Kendra loved the new apartment. Situated in a maze of several hundred units—this one was theirs alone. Her youthful dream was finally being realized. As she unpacked the stack of boxes, it was a blend of their former lives.
Her boxes had clothes, dishes, and a collection of treasures stretching back to her early teens. For him, there were just the male essentials—clothes, TV, sound system, game console, and a large collection of DVDs. She shook her head at the scrappy collection of cast-off furniture crammed in their tiny living space.
They’d excitedly set up the bed first thing. Living together meant no more nights apart. She shivered with anticipation thinking about all the time they’d have with each other. As she unpacked her dishes, pots and pans, she imagined dinners prepared in the tiny kitchen and long evenings with just the two of them.
Like thousands of couples across America, they’d co-signed a lease together, but didn’t bother with the marriage certificate. Over the last fifty years, cohabitation has increased 1500%.
Living together is perceived to be like training wheels on a bike. Get your balance. See how smooth the ride is. It’s the post-modern way to be protected from marital failure—kind of like a condom to prevent a divorce.
Sexually-charged couples move in together and soon discover that sex isn’t everything. Life goes on—sharing a bed doesn’t get the clothes washed, the bills paid, or resolve the questions about what’s next. Women hope for eventual permanence, while men tend to see it as a test drive. Living together means that you agree to leave the back door cracked for a quick exit.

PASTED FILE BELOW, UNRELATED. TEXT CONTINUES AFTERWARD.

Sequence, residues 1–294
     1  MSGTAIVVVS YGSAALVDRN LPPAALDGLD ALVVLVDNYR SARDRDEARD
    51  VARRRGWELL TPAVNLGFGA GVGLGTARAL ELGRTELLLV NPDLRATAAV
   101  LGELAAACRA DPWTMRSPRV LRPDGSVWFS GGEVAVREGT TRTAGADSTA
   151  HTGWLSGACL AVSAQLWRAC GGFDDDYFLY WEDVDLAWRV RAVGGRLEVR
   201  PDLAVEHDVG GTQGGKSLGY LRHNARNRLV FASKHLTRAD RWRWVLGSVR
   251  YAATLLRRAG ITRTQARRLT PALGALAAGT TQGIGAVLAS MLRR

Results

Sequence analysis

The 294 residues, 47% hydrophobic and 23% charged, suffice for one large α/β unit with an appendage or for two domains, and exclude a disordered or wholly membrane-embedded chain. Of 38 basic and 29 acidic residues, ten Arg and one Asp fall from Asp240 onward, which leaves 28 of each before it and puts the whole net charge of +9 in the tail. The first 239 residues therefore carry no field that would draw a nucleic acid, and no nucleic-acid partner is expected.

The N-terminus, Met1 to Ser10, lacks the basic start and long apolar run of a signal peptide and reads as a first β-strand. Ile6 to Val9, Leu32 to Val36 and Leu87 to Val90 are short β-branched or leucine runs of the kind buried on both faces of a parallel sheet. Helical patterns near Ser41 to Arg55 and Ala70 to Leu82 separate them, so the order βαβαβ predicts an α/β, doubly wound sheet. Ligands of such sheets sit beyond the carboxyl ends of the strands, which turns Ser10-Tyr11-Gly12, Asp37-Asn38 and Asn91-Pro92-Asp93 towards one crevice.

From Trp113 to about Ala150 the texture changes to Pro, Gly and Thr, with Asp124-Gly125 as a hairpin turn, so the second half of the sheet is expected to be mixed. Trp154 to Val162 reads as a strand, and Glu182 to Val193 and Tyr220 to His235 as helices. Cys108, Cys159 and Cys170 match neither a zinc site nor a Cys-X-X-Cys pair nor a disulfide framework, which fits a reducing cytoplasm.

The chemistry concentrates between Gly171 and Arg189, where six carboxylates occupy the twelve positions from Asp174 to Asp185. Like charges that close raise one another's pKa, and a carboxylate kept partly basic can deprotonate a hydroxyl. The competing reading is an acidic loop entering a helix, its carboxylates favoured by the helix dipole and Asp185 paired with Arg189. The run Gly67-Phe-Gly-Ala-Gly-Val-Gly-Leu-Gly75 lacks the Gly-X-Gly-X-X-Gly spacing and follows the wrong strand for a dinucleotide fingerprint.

I met Kendra about four months after her lease expired. The live-in experiment failed. Those long evenings together never brought her any closer to the future she imagined.
Instead, budget bickering and his desire to go out with the guys too many nights left her alone and hurting. In the rush to live together, she’d hadn’t taken time to get to know him—besides sexually.
Sex had become a band-aid covering up an infected relationship. God invented sex—for marriage. Sex can make good marriages great, and can help struggling marriages survive, but sex was never intended to help a cohabitating couple determine if they are compatible.
Since the break-up, Kendra met Jesus. Now her most important relationship is the one she has with Christ. If and when she meets someone new, she’ll be doing it God’s way—no worries about keeping the back door cracked for a quick exit. She’s not looking for a short-term lease. Instead, she’s looking for a man who’ll make a long-term commitment. Social norms may have changed, but God hasn’t. Life has few guarantees, but we only need one—God’s Word.
And Kendra is enjoying spending a lot of time reading her Bible. She figures if anyone can lead her to the right man at the right time, it’s God—and until then, she’s moving in with Him, which is exactly the right place to live.